Tuesday, September 22, 2009
Now there is functionality to do that: by searching the connector space and filtering for pending exports. But anyone who has used this knows that the window where the results are shown is small and you have to scroll through them to view more than a few objects at a time. Not very handy if you have a lot of changes going on. To make things worse, there's no 'Save to a file' button anywhere so you can review this table in something more comfortable like Excel. Now that's not totally true, because there in a CSExport.exe tool that can be found in the ...\bin\ folder that you can use to create a file. Unfortunately the file is XML. What am I supposed to do with a 90 meg XML file that has over 250,000 changes in it??? And why is this even in XML format anyways? I would love to know what they were thinking when they decided to make it XML. Why not make it in a text or CSV format, I say. So I take with huge XML file and try to open it, now the only application I know that open this is a way that will ultimately make sense to me is Excel. You wanna know how long it takes to open a file of this size? No you don't... OK it takes about 30-45 minutes and it pretty much uses all the resources on the computer too, so I can't do much else but wait around and think about writing a blog about it. Once it finally finishes I save it in TXT for XLS format, then it opens in a jiffy next time.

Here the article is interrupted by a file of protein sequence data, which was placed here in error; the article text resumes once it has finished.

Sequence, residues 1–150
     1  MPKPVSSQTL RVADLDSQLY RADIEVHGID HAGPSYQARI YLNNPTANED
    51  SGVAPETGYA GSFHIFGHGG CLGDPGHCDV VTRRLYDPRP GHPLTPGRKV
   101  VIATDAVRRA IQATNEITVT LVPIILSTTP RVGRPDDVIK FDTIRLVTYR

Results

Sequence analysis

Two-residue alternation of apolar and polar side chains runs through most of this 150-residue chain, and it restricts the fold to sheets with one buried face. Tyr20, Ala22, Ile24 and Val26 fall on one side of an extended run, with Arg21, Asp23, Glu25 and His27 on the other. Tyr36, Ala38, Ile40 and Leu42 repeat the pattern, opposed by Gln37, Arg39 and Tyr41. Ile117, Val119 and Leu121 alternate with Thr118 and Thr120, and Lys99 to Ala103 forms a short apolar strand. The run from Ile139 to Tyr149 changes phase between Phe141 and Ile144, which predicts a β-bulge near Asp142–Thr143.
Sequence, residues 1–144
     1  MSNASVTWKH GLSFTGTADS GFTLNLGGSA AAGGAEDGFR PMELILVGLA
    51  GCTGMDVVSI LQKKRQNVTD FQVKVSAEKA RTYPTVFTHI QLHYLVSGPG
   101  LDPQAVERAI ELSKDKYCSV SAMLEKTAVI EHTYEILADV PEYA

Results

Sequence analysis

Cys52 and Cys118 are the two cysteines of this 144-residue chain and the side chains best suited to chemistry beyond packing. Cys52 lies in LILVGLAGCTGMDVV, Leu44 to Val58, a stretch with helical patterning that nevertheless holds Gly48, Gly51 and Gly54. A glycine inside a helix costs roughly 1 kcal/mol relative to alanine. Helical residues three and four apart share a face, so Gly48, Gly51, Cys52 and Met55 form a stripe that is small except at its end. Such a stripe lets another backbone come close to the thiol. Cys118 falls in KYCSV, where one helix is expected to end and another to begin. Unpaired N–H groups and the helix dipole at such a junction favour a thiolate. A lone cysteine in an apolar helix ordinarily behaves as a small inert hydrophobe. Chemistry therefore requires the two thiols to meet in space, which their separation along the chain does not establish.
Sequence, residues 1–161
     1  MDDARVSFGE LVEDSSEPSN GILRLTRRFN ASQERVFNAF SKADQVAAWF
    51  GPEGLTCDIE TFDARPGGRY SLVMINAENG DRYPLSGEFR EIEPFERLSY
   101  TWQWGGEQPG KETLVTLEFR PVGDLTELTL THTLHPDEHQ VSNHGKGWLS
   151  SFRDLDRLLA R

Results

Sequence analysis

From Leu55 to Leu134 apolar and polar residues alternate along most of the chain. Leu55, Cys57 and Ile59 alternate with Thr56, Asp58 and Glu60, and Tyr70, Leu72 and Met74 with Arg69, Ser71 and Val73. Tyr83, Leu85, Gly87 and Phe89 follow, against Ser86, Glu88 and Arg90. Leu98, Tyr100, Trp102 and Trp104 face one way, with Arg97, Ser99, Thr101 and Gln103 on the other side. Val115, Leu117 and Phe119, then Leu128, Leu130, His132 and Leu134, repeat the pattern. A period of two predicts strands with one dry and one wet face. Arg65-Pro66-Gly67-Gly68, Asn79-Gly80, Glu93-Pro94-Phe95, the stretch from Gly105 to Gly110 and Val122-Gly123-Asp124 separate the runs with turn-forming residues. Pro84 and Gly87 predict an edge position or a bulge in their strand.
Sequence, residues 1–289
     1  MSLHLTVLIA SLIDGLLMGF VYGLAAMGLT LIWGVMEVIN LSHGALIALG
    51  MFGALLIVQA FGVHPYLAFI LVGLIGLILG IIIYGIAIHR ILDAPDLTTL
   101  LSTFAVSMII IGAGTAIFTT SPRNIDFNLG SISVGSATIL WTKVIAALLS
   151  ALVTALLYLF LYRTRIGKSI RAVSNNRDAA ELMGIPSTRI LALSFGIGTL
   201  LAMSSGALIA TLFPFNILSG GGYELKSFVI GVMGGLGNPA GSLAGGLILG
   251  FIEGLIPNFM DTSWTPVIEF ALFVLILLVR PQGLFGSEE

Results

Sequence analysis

So here's my ask, ILM product team: Can you put a button on the GUI search result window that allows users to export that result into a file? And give us options with file formats, just like we've become accustomed to in the past with every other product Microsoft offers. At the very least, if you won't put a button on the ILM UI, would you could you please allow for different file formats in the CSExport.exe tool?
Friday, April 24, 2009
Once upon more malware nested, while I reflected broken and bested,
Over many hacks and attacks and safeguards that failed,
While I worried, clearly nervous, succumbed by relentless denials of service,
My blackberry did chirp with purpose - apprising me of new email,
"Tis some salesman" I muttered, surprising me with new email -
Only a salesman with products for sale.
But the caller, with his expertise, was soon to put my mind at ease,
That one meeting, all his knowledge in that one meeting he did convey,